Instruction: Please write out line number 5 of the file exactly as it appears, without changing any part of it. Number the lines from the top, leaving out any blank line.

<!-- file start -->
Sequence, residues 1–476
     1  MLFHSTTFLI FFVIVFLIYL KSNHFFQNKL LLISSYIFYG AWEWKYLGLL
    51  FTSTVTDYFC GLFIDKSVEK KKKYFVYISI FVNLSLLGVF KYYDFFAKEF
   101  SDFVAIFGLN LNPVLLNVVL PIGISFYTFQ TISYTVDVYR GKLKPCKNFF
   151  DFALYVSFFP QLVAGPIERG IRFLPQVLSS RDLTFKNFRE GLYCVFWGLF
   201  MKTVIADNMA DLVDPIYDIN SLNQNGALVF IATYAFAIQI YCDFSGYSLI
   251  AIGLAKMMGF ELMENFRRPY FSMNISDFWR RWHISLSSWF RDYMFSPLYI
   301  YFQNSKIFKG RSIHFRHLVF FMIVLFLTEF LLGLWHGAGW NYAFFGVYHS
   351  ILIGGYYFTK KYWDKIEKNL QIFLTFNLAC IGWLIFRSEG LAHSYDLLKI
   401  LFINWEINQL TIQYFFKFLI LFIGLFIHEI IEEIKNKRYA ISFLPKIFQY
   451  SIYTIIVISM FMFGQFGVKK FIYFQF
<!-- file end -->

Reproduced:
   151  DFALYVSFFP QLVAGPIERG IRFLPQVLSS RDLTFKNFRE GLYCVFWGLF